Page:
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Unlock the World of Gaming: 30 Essential Terms Every Gamer Should Know

Dive into the immersive world of gaming with this comprehensive glossary! Learn the lingo, from 'loot' to 'no scope,' and connect with gamers easily.
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The video game industry, a world with its own language

By gradually establishing itself in our daily lives since the marketing of Pong in November 1972, the video game has not only created a cultural identity but also its own vocabulary, encompassing a set of formulas, expressions, and acronyms. A rich, diverse lexicon that evolves with technological advances and the emergence of new genres or new gaming practices.

Unlock the World of Gaming: 30 Essential Terms Every Gamer Should Know

But for a neophyte, whom an experienced player would readily describe as a noob or casu, it is not necessarily easy to grasp the meaning of anglicisms or acronyms, which are nevertheless, and sometimes for several decades, widely adopted by the video game industry and gaming communities. But then, what do terms like L2Ptheorycraft, or vaporware mean? Explanation of text for newbiesGLHF .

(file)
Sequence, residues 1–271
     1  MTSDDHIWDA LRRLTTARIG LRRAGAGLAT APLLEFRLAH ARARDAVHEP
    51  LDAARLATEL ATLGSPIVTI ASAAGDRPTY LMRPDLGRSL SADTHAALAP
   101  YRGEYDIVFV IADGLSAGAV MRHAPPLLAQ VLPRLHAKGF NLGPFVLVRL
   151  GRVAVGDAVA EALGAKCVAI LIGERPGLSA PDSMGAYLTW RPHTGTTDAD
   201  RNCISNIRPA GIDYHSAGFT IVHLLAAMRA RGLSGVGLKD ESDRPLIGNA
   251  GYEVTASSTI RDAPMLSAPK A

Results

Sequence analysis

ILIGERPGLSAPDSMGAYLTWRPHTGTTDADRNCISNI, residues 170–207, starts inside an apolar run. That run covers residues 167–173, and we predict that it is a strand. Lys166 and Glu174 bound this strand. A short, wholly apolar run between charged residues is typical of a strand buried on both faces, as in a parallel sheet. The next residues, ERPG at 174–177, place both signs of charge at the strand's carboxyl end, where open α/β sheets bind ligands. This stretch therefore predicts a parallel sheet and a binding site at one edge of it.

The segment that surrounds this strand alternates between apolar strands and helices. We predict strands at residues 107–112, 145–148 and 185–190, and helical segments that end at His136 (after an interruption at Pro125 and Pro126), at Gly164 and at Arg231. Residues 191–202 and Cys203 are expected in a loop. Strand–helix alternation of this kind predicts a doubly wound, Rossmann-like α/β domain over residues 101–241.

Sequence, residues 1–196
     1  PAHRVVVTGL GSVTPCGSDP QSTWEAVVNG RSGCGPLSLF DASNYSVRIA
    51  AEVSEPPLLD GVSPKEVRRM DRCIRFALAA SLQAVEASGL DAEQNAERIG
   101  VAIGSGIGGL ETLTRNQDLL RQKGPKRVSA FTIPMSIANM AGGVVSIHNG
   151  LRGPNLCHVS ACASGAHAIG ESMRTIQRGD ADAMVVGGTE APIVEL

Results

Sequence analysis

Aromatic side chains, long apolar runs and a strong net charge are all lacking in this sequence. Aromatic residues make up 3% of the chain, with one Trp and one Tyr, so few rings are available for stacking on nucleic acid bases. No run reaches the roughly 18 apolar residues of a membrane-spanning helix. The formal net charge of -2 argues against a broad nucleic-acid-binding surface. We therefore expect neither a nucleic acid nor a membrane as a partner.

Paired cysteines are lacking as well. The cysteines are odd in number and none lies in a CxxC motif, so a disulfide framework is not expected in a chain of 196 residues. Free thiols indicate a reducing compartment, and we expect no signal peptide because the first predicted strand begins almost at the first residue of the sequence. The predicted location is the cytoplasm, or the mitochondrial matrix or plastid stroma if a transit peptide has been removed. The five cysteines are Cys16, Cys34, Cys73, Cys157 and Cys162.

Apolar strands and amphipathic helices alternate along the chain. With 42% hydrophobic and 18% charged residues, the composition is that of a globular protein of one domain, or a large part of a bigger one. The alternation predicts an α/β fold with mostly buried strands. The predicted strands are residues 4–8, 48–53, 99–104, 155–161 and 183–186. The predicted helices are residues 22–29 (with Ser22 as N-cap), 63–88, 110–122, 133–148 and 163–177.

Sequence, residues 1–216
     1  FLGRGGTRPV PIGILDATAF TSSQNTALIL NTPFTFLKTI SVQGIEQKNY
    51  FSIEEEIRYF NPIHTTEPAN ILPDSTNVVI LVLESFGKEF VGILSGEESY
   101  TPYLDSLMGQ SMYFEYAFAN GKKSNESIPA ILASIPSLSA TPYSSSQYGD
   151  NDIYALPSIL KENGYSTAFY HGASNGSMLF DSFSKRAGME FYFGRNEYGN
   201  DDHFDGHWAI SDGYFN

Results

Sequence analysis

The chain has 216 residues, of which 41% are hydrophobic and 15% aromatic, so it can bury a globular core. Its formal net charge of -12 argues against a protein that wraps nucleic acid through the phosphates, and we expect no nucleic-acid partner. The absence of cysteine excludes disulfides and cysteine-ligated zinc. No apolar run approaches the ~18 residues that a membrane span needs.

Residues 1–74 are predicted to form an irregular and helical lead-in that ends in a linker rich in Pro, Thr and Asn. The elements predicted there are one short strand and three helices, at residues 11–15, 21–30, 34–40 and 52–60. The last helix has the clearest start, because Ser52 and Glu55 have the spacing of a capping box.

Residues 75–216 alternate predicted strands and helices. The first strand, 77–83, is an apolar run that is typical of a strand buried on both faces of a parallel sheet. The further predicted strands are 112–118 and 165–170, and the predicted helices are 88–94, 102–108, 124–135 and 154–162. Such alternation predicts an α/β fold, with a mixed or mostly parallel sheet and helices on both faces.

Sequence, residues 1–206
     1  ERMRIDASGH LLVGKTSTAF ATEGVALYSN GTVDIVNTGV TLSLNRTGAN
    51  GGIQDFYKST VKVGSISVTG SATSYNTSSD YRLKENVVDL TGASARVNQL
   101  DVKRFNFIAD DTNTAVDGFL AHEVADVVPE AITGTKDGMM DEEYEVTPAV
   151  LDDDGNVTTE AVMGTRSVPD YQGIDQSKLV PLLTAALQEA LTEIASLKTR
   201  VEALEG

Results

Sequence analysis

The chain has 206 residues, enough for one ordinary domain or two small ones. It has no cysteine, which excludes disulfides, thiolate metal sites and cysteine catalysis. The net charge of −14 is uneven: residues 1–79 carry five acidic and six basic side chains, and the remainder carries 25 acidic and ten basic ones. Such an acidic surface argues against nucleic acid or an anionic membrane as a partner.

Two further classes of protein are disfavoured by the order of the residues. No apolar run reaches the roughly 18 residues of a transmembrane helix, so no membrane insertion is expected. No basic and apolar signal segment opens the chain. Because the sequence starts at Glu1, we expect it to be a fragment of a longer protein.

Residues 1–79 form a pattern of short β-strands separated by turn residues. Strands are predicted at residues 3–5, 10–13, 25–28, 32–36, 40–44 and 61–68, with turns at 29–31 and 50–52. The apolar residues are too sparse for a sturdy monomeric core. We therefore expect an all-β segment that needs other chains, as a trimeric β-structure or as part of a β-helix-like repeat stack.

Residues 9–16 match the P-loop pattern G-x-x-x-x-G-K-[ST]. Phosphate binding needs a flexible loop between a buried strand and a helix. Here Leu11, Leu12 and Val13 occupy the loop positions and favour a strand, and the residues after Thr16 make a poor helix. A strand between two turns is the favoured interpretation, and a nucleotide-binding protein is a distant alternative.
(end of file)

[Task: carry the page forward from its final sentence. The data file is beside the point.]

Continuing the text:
30 words frequently used in the world of video games

  1. AAA, pronounced "triple-A,"  defines a game that requires significant financial resources, both for its development and for its promotion. According to Le Monde, the origin of the term is attributable to publishers, who are in the habit of granting an A, B, or AAA rating to their productions. Grand Theft Auto V, Assassin's Creed Valhalla, or Call of Duty Modern Warfare III are, for example, considered AAA games.
  2. Abandonware, or abandogiciel in French, designates a game that is no longer updated or marketed by its publisher and which can, sometimes, be offered for free download by third parties. According to Abandonware France, this is an “illegal but tolerated” practice.
  3. AFK: corresponds to “Away from Keyboard,"  which can be translated as “distant from the keyboard." . The use of this acronym indicates a temporary absence or inactivity.
  4. Bestiary: This is a collection listing all the creatures or monsters present in the virtual universe, as well as their detailed characteristics.
  5. Bot: designates a non-player character (see below) controlled by the computer, which is programmed to simulate our in-game behavior. He can carry out certain tasks, either in collaboration with the player or by facing him as an opponent.
  6. Bullet time: inspired by Hong Kong cinema—and not by The Matrix—this visual effect slows down the projectiles on the screen so that the player can visualize their trajectory. Bullet Time was democratized in the video game industry by the first opus of the Max Payne series.